Applied Evidence

Glycemic variability: Too often overlooked in type 2 diabetes?

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Look beyond the HbA1c average, and consider introducing insulin earlier in the disease process.


 

References

PRACTICE RECOMMENDATION

Consider evaluating 24-hour variability in glucose levels with patients’ self-monitoring glucose meters (in addition to monitoring glycosylated hemoglobin [HbA1c] levels at regular intervals). C

If glycemic goals are unmet 2 to 3 months after initiating treatment with exercise and diet or with oral agent monotherapy, consider starting insulin therapy. C

Strength of recommendation (SOR)

A Good-quality patient-oriented evidence
B Inconsistent or limited-quality patient-oriented evidence
C Consensus, usual practice, opinion, disease-oriented evidence, case series

Though we have the knowledge and the means to reduce complications of type 2 diabetes mellitus (T2DM), most patients may not be reaching all the glycemic goals necessary to achieve optimal risk reduction.1 Maintaining an acceptable level of glycosylated hemoglobin (HbA1c) is one of the important glycemic goals. But that measurement is an average of glucose levels occurring over the prior 3 months. Regardless of a given HbA1c measurement, an emerging body of evidence supports the presumption that glycemic variability over each 24-hour cycle is an independent risk factor for vascular complications.2-15

In this article, I review the literature pertaining to the risk associated with glycemic variability and to the benefit in correcting it. I also review the comparative outcomes achievable with normal human insulin and insulin analogs, as well as the advisability of starting insulin earlier in the management process.

Glycemic variability increases vascular risk independently

HbA1c, considered the gold standard for monitoring glycemic control in patients with T2DM, is an average of the full range of glucose values in the preceding 3 months, including fasting plasma glucose (FPG) and 2-hour postprandial glucose (PPG) levels. Studies have linked lowering HbA1c to reducing the risk and progression of micro- and macrovascular complications associated with diabetes.16,17 But evidence shows that other glycemic values are also important.

The Diabetes Control and Complications Trial (DCCT) was a landmark study in which patients with type 1 diabetes mellitus who received targeted intensive insulin therapy experienced delayed onset and slowed progression of micro-vascular complications compared with those who received conventional insulin treatment.16 Interestingly, this study also reported that patients randomized to receive conventional insulin treatment did not exhibit a reduction in the risk of progression of microvascular disease despite having HbA1c values comparable to those in the intensive-treatment group. One hypothesis is that glucose excursions occurred more frequently in the conventionally treated group, which received fewer daily insulin injections.5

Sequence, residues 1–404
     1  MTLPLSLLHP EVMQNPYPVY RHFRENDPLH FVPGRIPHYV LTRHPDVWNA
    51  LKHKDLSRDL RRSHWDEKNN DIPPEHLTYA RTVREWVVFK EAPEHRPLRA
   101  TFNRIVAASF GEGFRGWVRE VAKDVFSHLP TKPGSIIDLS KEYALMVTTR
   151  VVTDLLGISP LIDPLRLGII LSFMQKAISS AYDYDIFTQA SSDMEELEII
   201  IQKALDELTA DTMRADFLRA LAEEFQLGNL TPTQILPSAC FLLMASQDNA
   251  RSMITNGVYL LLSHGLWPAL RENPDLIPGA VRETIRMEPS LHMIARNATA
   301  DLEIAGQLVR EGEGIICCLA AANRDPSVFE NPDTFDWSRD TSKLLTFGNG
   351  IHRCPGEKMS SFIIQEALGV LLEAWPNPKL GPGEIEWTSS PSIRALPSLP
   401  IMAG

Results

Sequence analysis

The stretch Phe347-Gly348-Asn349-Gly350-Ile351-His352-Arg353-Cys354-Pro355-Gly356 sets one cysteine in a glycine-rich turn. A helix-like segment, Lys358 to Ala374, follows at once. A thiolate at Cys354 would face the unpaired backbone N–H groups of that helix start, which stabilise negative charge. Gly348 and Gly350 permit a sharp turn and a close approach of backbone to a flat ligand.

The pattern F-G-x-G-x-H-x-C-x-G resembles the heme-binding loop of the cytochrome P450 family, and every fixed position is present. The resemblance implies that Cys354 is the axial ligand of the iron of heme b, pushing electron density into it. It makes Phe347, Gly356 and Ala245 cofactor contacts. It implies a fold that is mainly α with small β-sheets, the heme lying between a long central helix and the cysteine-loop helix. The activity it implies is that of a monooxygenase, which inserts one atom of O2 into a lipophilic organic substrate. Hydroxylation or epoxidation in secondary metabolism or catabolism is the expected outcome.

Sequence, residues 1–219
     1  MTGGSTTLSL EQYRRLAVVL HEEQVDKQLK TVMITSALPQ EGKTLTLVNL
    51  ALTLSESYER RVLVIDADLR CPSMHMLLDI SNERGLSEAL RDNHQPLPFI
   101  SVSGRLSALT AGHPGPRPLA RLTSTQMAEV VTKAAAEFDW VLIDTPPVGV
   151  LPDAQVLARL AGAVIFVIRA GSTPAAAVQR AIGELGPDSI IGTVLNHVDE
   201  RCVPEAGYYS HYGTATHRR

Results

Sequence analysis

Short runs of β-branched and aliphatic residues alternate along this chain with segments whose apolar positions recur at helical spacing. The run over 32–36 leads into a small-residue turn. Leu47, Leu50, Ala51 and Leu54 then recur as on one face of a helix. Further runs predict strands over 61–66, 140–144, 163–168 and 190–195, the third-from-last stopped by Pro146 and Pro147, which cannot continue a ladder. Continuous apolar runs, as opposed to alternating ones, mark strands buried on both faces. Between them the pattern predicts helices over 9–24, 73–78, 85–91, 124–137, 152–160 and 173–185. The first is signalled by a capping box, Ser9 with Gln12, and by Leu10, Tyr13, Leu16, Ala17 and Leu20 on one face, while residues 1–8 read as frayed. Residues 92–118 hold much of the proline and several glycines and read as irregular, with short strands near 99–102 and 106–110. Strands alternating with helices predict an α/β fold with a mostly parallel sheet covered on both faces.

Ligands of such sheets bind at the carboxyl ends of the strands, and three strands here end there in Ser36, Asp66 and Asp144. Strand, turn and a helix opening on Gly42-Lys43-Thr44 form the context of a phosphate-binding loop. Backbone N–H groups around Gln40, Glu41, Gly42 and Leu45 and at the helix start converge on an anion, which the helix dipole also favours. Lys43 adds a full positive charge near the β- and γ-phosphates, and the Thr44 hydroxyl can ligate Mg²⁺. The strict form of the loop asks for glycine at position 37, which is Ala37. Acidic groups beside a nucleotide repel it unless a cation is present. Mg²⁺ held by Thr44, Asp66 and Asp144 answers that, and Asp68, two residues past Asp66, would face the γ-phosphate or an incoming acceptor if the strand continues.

Acute glucose fluctuations during the postprandial period trigger oxidative stress and are more predictive of atherosclerosis development than are FPG or HbA1c6,7 (see “Implications of glycemic variability” below). This suggests that therapy for patients with T2DM should not only target HbA1c as a long-term goal, but also aim to avoid acute glucose fluctuations as an immediate goal. Several studies have shown that postprandial hyperglycemia is an independent risk factor for vascular complications in patients with T2DM.2,7-9,12,14,15

Evidence of increased vascular risk with glycemic variability. The Diabetes Epidemiology: COllaborative analysis of Diagnostic criteria in Europe study (DECODE) followed more than 25,000 patients for more than 7 years and found that increased mortality was more closely associated with increased 2-hour PPG levels than with FPG.14 In the Framingham Offspring Study, Meigs et al9 reported that, in nondiabetic subjects, an elevated glucose level 2 hours after an oral challenge increased the relative risk for cardiovascular disease by up to 40%, independent of fasting hyperglycemia.

Mixed outcomes with Hba1c reduction only. Macrovascular risk reduction with intensive HbA1c management was not apparent in 3 recent studies—Action to Control Cardiovascular Risk in Diabetes (ACCORD),18 Action in Diabetes and Vascular Disease: Preterax and Diamicron MR Controlled Evaluation (ADVANCE),19 and Veterans Affairs Diabetes Trial (VADT).20 The ACCORD study, in fact, showed an increase in cardiovascular events in the intensively managed group (HbA1c target <6.0%). Indeed, previous studies had suggested an association between fasting hypoglycemia and poor cardiovascular outcomes.3,4 Retrospective subanalysis of the ACCORD study suggested that patients with poorer glycemic control had a greater risk of hypoglycemia independent of HbA1c values, and that patients who had difficulty reaching lower HbA1c levels may have had poorer cardiovascular outcomes.21

The apparent absence of a reduction in macrovascular events in the ACCORD, ADVANCE, and VADT studies also suggests an additive effect of nonglycemic risk factors that frequently accompany diabetes—ie, hypertension, hyperlipidemia, and hypercoagulability/pro-inflammatory states.

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